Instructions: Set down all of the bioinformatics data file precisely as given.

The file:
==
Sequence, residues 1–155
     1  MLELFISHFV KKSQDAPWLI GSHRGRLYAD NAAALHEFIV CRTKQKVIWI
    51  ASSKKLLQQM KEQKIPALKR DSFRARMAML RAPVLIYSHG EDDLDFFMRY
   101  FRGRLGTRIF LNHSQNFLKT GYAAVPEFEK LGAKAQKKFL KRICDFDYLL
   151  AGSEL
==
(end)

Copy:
Sequence, residues 1–155
     1  MLELFISHFV KKSQDAPWLI GSHRGRLYAD NAAALHEFIV CRTKQKVIWI
    51  ASSKKLLQQM KEQKIPALKR DSFRARMAML RAPVLIYSHG EDDLDFFMRY
   101  FRGRLGTRIF LNHSQNFLKT GYAAVPEFEK LGAKAQKKFL KRICDFDYLL
   151  AGSEL